“That will be $400.”

“FOUR HUNDRED DOLLARS? All you did was go bang on the pipe!” The manager protested

“Ahhh- but it’s not the banging on the pipe – it’s the KNOWING where to bang!”  The plumber replied.

This applies to doctors too.  Whatever – moving on.

2) I think one main problem with the current system is that the average user – and when I say “average user” I’m thinking “the guy who has a plan through his employer where once he pays his monthly premium he doesn’t care about the costs – he just pays his $20 copay and gets all the treatment he needs”  (note: that’s the guy I used to be!)  – the average user has NO IDEA how expensive the costs are, and more importantly, *he doesn’t care* because the insurance is paying for it, and he already paid for the insurance.

3) I believe that the free market generally offers a better solution than the government.  However, I believe that healthcare is regulated just enough to massively screw it up and limit competition.   The woman from Anthem basically told me that they could charge me whatever they wanted because they had no competition in New Hampshire.

4) I am far too ignorant about nationalized health care in other countries to comment on it, but it seems to me that there is plenty of anecdotal evidence that government involvement in their national systems makes for better systems than the one we currently have here.   It is quite possible/probable/likely that we still have the best doctors here, and that we do have the best doctors because of the privatized system, but I get the feeling that the average Brit or Canadian is a lot more satisfied with their healthcare system than we are with ours.

So now, since I’m not a healthcare scholar, I’ll just tell you a few of my own stories in the past few years regarding medical expenses.

1) My wife cut her finger a few years ago trying to pit an avocado.  She cut it to the tendon.  We went to the ER.  The bill was approximately:

$600 to walk in the door – ok – that’s a price you have to pay to have a facility where you can access emergency coverage at any time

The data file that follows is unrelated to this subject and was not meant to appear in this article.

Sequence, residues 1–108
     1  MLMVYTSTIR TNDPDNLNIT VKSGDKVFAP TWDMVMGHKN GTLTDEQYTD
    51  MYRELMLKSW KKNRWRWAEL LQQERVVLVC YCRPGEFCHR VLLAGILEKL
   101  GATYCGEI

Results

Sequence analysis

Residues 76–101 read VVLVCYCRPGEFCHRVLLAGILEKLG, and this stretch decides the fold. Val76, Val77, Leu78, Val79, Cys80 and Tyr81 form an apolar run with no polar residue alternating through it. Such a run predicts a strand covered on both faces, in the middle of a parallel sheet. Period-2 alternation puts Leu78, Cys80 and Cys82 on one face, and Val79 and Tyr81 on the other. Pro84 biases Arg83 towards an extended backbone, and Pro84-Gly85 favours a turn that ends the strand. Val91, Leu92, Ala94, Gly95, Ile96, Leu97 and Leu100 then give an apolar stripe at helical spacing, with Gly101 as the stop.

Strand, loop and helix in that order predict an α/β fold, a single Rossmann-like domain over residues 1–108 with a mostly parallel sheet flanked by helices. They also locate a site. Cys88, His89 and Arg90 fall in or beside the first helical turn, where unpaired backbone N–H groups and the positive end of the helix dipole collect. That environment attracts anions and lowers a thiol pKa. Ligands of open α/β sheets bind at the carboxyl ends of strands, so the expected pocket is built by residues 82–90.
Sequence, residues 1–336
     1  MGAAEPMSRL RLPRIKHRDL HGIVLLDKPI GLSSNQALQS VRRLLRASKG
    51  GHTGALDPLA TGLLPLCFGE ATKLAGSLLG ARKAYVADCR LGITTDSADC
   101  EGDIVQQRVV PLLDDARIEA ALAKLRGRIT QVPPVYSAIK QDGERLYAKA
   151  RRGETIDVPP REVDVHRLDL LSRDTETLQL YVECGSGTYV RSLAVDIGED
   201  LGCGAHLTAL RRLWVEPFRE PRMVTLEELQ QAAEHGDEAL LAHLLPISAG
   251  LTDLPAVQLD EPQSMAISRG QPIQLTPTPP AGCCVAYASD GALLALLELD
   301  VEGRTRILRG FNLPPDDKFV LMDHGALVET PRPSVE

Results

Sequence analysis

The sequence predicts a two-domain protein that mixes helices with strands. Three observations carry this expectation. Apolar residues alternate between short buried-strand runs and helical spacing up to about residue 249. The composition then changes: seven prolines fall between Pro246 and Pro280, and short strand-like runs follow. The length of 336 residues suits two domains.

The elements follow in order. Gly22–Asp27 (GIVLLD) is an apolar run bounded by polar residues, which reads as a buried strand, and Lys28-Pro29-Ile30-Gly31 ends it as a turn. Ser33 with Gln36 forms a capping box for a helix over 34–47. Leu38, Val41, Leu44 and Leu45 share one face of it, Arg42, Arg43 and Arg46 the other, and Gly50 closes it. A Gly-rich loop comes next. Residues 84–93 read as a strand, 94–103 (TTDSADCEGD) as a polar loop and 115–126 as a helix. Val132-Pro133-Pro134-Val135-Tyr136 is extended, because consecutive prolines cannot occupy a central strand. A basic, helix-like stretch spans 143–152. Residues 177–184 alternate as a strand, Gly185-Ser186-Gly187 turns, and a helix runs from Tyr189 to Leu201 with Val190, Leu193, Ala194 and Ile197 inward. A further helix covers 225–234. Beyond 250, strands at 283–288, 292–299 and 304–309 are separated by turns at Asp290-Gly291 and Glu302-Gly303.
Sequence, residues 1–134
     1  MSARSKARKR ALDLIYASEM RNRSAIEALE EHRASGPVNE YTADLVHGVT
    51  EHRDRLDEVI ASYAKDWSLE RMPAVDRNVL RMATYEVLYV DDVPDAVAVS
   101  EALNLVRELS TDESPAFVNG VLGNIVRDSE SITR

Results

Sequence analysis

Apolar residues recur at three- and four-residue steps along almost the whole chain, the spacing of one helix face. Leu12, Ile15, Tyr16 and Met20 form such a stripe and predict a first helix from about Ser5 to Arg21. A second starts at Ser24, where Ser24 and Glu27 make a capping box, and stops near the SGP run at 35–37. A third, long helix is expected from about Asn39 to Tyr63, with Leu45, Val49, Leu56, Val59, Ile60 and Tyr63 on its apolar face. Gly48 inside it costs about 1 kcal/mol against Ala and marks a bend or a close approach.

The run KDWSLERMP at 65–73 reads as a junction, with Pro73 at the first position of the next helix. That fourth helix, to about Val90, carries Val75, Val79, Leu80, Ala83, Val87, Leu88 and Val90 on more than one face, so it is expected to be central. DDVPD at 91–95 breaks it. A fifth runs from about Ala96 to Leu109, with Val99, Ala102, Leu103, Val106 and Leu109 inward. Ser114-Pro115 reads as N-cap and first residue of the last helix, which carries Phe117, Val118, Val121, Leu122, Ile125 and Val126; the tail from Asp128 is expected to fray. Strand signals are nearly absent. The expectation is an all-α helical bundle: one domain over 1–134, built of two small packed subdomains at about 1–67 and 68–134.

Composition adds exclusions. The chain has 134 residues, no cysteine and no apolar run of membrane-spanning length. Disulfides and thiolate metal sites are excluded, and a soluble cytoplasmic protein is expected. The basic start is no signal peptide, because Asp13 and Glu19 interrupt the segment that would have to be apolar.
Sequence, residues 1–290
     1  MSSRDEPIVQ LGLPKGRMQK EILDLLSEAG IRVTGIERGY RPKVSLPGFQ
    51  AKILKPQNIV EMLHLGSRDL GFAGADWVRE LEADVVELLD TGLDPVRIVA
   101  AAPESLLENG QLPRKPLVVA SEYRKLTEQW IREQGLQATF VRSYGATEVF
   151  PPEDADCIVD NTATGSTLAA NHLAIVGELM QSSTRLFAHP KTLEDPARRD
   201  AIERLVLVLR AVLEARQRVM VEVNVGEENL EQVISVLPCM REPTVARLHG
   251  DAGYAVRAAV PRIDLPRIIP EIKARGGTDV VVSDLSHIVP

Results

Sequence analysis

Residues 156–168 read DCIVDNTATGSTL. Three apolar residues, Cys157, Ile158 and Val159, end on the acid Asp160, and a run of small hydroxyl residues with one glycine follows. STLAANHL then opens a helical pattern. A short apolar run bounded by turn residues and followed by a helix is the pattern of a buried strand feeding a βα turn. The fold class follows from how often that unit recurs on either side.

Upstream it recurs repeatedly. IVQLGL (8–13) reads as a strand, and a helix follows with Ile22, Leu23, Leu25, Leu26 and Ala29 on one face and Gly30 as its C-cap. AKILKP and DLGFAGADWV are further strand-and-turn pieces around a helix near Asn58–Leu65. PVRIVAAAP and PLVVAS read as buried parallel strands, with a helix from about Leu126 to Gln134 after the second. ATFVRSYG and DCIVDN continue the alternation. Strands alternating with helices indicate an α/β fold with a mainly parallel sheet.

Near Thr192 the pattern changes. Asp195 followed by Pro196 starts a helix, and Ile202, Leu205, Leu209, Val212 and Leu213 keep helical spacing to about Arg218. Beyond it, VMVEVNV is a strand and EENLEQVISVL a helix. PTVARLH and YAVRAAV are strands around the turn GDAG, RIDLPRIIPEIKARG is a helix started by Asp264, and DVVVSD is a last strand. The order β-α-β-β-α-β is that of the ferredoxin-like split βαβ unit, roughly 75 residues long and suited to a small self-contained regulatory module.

$300 for the “surgery” kit

$300 for the doctor bill

There’s nothing really insane here – the costs aren’t cheap, but emergency care never is, right?  The issue here was that Anthem tried to bill us out of network.   I spoke to someone on the phone for 45 minutes, explaining that the out of network doctor who the bill was from wasn’t even the one who saw my wife.   She said it didn’t matter, blah blah blah, out of network.

I was flummoxed, and I hung up and called back, and got someone else on the phone. I said “are you telling me that when my wife cuts her finger to the tendon and is bleeding, I’m supposed to drive around until I find an in-network emergency room?”  (never mind that Concord Hospital is the main hospital in the area – and my insurance company is the main insurer in the area –  it’s not like I went off the beaten path.  “No – of course not – this should be covered in network – I’ll fix it.”  We still had to pay the prices I listed above, but just not the rates that were 50% higher for out of network.  Lesson here: patient advocacy is an issue.   You get different answers depending on who you talk to.

2) I broke my finger last year.

I went to urgent care, not the ER.  I actually thought the bill was pretty reasonable:

$200 for the facility charge (to walk in the door)

$100 for the xray

$100 for the doctor fee

The doctor put a splint on my finger and told me to go see an orthopedist.   I made an appointment for 2 days later, and in the meantime, I emailed the x-ray to my buddy who is an orthopedic surgeon.  He told me that there was nothing they’d do for me except to give me a smaller splint.  I said I wanted the smaller splint (the current one came down over my whole finger), so I kept the appointment.    In the orthopedist’s office, the doctor met me, told me they don’t operate on injuries like this, and that I’d be ok in 6-8 weeks.   Then his assistant put a new splint on my finger and I went home.

I got the bill:  $450, for office visit, and “setting of a fracture.”

Now this gets back to my point above about doctors who deserve to be compensated for their knowledge and work – it’s irrelevant that the doctor only took 90 seconds to tell me that my finger would heal  – he had the expertise to do so, and that’s what I’m paying him for.   However, I was worried that I was being mis-billed for the “setting of the fracture.”  I called Anthem, and questioned them on it.   This gets back to my point about the average guy needing to have a stake in the system:  do you think some guy who gets an EOB (explanation of benefits) in the mail  where he doesn’t have to pay for it anyway is going to take the time to call the insurance company and ask if the stuff is being billed correctly? of course not.  He doesn’t care – it’s not his money!  Of course, it really is his money – he pays for it via insurance costs, but that’s a different topic.   Also, the cost of my doctor’s expertise is a topic that can be discussed: what if that diagnosis was made by a doctor in India who looked at my x-ray, for 1/4 of the cost?  Again – a topic for another day.